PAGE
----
GoToTraining is the online training software to engage learners before, during, and after sessions. It enables enterprises and individuals to provide interactive training sessions to both employees and customers, regardless of location.
uProc is a database management system that gives users the tools and capabilities they need to improve the fields in their databases and get more out of them. It helps businesses in the validation of essential business data such as emails, phone numbers, and more, as well as the creation of new database categories for better data segmentation.
It's easy to connect GoToTraining + uProc without coding knowledge. Start creating your own business flow.
Triggers when there is a new training event.
Triggers when you get a new registrant for a particular event.
Creates a registrant for a particular training.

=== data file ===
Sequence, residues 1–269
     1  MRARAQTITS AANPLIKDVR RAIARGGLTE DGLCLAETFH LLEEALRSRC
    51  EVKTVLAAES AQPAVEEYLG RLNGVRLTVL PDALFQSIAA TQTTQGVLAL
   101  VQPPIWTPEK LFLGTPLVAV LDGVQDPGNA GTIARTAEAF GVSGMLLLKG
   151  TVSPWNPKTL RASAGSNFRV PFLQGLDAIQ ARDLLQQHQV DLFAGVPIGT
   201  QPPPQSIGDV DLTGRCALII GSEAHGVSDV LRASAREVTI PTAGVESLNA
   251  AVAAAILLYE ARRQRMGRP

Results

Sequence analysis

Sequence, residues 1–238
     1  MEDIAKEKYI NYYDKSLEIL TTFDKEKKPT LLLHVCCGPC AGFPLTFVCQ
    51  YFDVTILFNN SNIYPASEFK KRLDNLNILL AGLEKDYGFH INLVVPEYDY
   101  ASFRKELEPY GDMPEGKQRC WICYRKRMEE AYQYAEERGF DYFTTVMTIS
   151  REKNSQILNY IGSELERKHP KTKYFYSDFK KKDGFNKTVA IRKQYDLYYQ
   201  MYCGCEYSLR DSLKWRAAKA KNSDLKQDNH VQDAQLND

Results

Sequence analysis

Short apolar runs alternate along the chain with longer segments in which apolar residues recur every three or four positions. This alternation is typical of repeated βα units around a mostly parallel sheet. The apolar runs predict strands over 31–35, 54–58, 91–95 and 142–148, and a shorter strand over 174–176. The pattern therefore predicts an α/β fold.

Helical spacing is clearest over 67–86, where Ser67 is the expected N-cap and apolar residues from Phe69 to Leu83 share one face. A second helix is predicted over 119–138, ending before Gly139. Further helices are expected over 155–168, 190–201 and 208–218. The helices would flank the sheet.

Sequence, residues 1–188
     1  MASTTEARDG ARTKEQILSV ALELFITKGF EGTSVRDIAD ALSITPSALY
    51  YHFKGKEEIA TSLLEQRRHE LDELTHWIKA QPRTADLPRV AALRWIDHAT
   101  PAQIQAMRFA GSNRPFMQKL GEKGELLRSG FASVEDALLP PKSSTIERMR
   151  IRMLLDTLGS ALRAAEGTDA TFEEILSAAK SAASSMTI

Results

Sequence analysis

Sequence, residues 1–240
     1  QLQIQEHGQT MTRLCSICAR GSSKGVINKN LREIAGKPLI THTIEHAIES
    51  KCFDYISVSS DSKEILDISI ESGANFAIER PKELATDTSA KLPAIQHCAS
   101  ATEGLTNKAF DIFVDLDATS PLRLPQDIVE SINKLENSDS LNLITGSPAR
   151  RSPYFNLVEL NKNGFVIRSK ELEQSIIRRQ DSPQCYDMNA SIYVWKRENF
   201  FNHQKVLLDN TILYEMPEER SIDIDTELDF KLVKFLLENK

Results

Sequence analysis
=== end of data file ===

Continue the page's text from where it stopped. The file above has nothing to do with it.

Creates a training
Select a tool to perform verification or enrichment
GoToTraining is an online training platform that allows the user to create and deliver training content. GoToTraining was founded in 1999 and has over a million users. It has had increasing revenue each year since its founding. According to the company’s website (http://www.gotomeeting.com/products/gototraining/), GoToTraining is used by over 800,000 organizations ranging from small companies to Fortune 500 companies.
uProc is a suite of tops for facilitating cplaboration. uProc includes tops such as wikis, blogs, document management, and online discussion forums. The tops are typically used to facilitate the work of the organization’s project teams. uProc is based on open source software and is currently under development by several companies. One of these companies is Red Hat, which provides support to uProc users via its website. http://www.procurify.com/.
GoToTraining has built-in functionality that can be used to create online training courses. These courses can be delivered using GoToTraining or they can be exported to PowerPoint slides. In addition, GoToTraining allows users to upload their own PowerPoint slides so that they can be used within the course. This functionality is very useful because it allows users to leverage the existing corporate training budget.